Business Day: New ANC leaders need to look down

Opinion & Analysis
Posted to the web on: 21 May 2008
New ANC leaders need to look down

DO POLITICIANS have rights that others do not have? Or do they only notice when their rights are threatened? These questions are raised by the new African National Congress (ANC) leadership’s assault on the Scorpions.

The new leaders’ hurry to get rid of the Scorpions is usually seen as a sign that they are protecting themselves. But, since only a few are under investigation, many ANC leaders seem to want the investigative unit to go because they see it as a bully and a rights abuser.

While there is much self-serving rhetoric behind the desire to shut down the Scorpions, there is also genuine anger at its treatment of ANC politicians, who believe their rights were violated by the investigators’ tactics. And, while some feel that any attempt to hold a high-ranking politician to account is a rights abuse that shows that the investigator is an old-order agent, it is fair to acknowledge that the Scorpions may have been heavy-handed at times in their pursuit of some in the new ANC national executive.

That is no reason to close them down — police are often accused of violating people’s rights but no one wants to shut down the police service. And we need to ask why the politicians who say the Scorpions must go because they do not respect human rights are not concerned about allegations that people are victims of greater rights abuses by the police service into which they want to dissolve the Scorpions.

This column has noted more than once serious allegations, backed by independent witnesses, that Durban shack-dwellers belonging to the Abahlali base Mjondolo movement have been attacked by police while exercising their right to peaceful protest. Nor are they alone in alleging that, while the middle classes enjoy the freedoms we won in 1994, grassroots activists are subject to police abuses when they exercise their rights. This month, police in Sebokeng were accused of beating Coalition against Water Privatisation activists. Allegations that police use violence against dissent date back at least to the 2004 election, when Landless People’s Movement activists campaigning for an election boycott alleged that police tortured them.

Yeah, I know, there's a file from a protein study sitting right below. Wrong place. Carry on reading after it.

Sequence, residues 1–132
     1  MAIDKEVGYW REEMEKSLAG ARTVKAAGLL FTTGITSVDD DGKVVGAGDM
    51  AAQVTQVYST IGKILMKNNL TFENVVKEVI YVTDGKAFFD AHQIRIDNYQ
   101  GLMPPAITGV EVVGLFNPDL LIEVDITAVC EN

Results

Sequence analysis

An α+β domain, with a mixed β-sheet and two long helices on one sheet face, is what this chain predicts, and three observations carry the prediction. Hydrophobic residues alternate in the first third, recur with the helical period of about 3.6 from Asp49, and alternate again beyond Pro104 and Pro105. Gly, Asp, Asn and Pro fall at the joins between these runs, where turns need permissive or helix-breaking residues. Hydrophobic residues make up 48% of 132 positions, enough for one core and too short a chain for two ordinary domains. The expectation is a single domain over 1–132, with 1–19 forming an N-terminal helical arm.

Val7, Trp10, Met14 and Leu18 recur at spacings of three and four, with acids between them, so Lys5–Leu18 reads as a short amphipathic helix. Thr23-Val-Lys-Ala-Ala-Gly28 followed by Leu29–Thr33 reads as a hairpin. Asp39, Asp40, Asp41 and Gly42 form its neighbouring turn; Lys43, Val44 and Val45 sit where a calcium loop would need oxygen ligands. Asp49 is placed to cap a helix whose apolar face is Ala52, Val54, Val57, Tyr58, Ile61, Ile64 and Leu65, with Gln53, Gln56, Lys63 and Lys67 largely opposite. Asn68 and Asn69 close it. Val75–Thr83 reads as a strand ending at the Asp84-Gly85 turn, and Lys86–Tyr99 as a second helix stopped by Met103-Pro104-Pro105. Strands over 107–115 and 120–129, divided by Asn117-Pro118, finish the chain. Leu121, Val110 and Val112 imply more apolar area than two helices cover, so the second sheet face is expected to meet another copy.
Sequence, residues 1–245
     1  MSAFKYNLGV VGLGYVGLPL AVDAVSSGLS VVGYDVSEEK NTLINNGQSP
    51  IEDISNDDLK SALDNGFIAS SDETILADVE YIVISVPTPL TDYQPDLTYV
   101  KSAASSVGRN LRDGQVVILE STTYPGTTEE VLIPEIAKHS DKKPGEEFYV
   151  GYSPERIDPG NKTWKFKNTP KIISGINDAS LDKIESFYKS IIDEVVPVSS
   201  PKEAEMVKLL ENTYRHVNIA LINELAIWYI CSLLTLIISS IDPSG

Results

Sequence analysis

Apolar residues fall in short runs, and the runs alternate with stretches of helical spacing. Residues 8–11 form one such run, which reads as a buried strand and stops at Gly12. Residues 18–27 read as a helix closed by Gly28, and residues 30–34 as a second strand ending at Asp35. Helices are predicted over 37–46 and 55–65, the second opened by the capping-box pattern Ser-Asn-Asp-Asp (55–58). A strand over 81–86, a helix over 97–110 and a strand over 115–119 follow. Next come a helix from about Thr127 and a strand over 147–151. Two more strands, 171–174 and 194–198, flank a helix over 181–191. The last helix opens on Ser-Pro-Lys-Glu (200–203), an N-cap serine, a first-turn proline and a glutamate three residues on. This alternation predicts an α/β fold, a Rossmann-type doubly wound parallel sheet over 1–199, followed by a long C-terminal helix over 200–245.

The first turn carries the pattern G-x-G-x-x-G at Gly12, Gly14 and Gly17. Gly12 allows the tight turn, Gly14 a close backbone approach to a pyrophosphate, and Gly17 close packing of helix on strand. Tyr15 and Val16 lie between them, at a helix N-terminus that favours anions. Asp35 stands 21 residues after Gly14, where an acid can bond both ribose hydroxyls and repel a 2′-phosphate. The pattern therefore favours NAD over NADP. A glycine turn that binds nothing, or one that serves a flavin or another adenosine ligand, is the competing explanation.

NONE of this seems to worry the new ANC leadership, despite claims that Polokwane elected “champions of the poor”: the poor’s champions, it seems, consider claims of rights abuses important only when the person who claims they are being abused is a top politician.

The problem is not that the new leadership is failing the poor who elected them, it is, rather, that the claim that they represent the poor is a myth. The ANC leadership was elected by a relatively small section of our society — the political activists who participate in formal politics. They were not elected by, and do not seem in touch with, the grassroots poor who do not, in the main, join parties or choose party leaders.

This is not unusual — in all democracies, most people do not join parties and so party leaderships are usually elected by a very small section of society. But this becomes a problem when people elected by an elite convince themselves that they have a mandate from, and are in touch with, the grassroots. They then fail to do what they need to do — to take the trouble to find out about the concerns of grassroots citizens so that they can do something to serve them.

The new leaders’ lack of interest in claims of police abuse by township activists confirms they have much to do to connect with life at the bottom of our society. If they believe getting elected by party delegates means they are in touch with the poor, they will end up as out of touch with people at the grassroots as the leaders they replaced.

But, if they accept that they need to listen to grassroots people and act on their concerns, they could help ensure that democracy includes everyone, not simply the well-connected. Taking seriously claims that the rights of township activists are being abused would be a good start.

* Dr Friedman is a research associate at Idasa and visiting professor of politics at Rhodes University.